Bradley did not disclose any of those times that she was a columnist for the student newspaper at Marquette University. Anti-gay opinion pieces she wrote back then have come back to haunt her as she runs for a full 10-year term on the Supreme Court.

Bradley said in an interview on WTMJ radio Tuesday that she did her best to respond to all the questions asked on the application.

Walker tells reporters that not everything a judicial applicant wrote as a student is brought up in the appointment process. He says, "we go through looking at any opinions they've written, how they've written as a lawyer, things they wrote in law school."

Wisconsin Supreme Court Justice Rebecca Bradley says her views began to change almost immediately after an anti-gay column she wrote as a college student at Marquette University was published.

Bradley said in an interview Tuesday on WTMJ radio that the negative reaction to her piece calling gay people "degenerates" made her realize that her "poorly chosen words" had an effect on people.

Bradley says she's also become a "much better person" in the past 24 years, and she is deeply sorry for what she wrote.

Bradley says as a judge she has presided over adoptions to gay couples who were providing loving homes to children.

She says, "My views on these issues have changed and I am a fair and compassionate person to every person who has come before me as a judge."

Copyright 2016: Associated Press

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UPDATED Tuesday, March 8, 2016---11:59 a.m.

MADISON, Wis. (AP) -- Wisconsin Supreme Court Justice Rebecca Bradley says she is "deeply sorry" for anti-gay opinion pieces she wrote 24 years ago as a college student.

Bradley said in an interview Tuesday on WTMJ radio that what she wrote in 1992 referring to gays as "degenerates" and "queers" in no way reflects the person she is now.

Bradley was appointed to the state's highest court in October by Gov. Scott Walker and is running for a 10-year term in the election to be decided April 5.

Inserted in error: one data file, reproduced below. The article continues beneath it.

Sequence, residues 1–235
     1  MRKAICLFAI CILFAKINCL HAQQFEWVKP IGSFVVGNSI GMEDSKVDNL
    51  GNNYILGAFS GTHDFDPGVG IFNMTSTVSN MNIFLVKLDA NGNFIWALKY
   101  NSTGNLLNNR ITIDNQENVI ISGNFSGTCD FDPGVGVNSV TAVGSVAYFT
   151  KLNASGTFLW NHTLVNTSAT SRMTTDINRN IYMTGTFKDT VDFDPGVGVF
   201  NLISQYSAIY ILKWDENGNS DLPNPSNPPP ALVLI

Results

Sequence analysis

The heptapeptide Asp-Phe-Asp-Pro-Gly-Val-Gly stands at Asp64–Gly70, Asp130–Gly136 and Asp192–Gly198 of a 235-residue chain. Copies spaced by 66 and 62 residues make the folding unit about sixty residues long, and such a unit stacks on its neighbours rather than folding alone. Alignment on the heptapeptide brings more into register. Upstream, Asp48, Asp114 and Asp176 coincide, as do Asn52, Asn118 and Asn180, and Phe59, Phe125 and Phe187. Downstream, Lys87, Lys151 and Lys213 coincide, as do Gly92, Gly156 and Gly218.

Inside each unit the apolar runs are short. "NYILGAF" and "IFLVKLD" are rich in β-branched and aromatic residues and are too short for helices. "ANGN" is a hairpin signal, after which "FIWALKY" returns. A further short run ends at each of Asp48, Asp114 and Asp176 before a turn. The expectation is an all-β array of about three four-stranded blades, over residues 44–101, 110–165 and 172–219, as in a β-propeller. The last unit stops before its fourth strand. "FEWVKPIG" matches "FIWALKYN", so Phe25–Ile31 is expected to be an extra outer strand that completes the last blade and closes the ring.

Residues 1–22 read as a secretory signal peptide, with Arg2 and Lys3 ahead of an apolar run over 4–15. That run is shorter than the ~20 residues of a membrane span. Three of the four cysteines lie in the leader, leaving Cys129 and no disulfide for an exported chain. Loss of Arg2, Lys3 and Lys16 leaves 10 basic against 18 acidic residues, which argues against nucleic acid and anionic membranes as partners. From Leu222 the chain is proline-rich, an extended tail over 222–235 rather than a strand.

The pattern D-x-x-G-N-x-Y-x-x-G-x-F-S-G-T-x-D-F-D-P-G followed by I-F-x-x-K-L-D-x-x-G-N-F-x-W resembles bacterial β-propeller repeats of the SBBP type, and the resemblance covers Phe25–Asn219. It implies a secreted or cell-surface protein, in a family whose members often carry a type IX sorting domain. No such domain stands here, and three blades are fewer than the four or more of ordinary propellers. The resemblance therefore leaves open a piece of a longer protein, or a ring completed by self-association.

Bradley says blowback she got from her writings in 1992 began changing her attitudes on the topic, which she says were also shaped by people she's met and other life experiences.

She says, "I have become a much better person that I was back then."

Copyright 2016: Associated Press

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UPDATED Tuesday, March 8, 2016---9:37 a.m.

MADISON, Wis. (AP) -- Wisconsin Supreme Court Justice Rebecca Bradley wrote as a college student 24 years ago that abortion is a "holocaust of our children" and equated it with murder.

The 1992 column Bradley wrote while a student at Marquette University was unveiled Tuesday by the liberal attack group One Wisconsin Now. On Monday it released three other pieces Bradley wrote where she referred to homosexuals as "queers" and "degenerates" and expressed no sympathy for AIDS victims.

Gov. Scott Walker appointed Bradley to the Supreme Court in October and she is running for a full 10-year term in the April 5 election.

Walker on Tuesday said it's irrelevant whether he would have appointed Bradley as a judge if he had known of her college writings.

Bradley has apologized for the anti-gay writings.

Copyright 2016: Associated Press

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UPDATED Monday, March 7, 2016---1:26 p.m.

MADISON, Wis. (AP) -- Wisconsin Supreme Court Justice Rebecca Bradley says she is embarrassed about anti-gay pieces she wrote as a college student and they don't reflect her worldview or current work as a judge.

But her opponent in the state Supreme Court race said Monday "there is no statute of limitations on hate."

State Appeals Court Judge JoAnne Kloppenburg says Bradley's anti-gay comments when she was a college student "are as abhorrent and disturbing today as they were in 1992 as people were dying in huge numbers from AIDS."

Gov. Scott Walker's spokeswoman says he was not aware of her comments when he appointed her as a judge three times, including to the Supreme Court.

Walker says Bradley has made it clear she no longer holds those views.

Copyright 2016: Associated Press

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UPDATED Monday, March 7, 2016---11:07 a.m.

MADISON, Wis. (AP) -- Wisconsin Supreme Court Justice Rebecca Bradley is apologizing for anti-gay opinion pieces she wrote when a college student 24 years ago.

The liberal group One Wisconsin Now on Monday revealed a college newspaper column and letters to the editor Bradley wrote when a student at Marquette University in 1992.

In one, Bradley compares homosexuals with drug addicts, saying they "essentially kill themselves and others through their own behavior."

In other, reacting to the election of Bill Clinton as president, she describes him as "queer-loving" and says his victory "proves that the majority of voters are either totally stupid or entirely evil."

Bradley says in a statement she is "frankly embarrassed at the content and tone of what I wrote those many years ago."

Copyright 2016: Associated Press

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Posted Monday, March 7, 2016---10:41 a.m.

MADISON, Wis.---A political watchdog group is calling for Supreme Court Justice Rebecca Bradley to resign.

At a press conference on Monday morning, One Wisconsin Now called out Bradley for articles that she wrote for the Marquette Tribune Newspaper and while attending Marquette University.

In those articles, Bradley reportedly attacks the LGBT community and people with HIV.

Bradley is facing candidate Joanne Kloppenburg in the April 5 primary.

The two are scheduled to debate on March 18 on the the UW campus.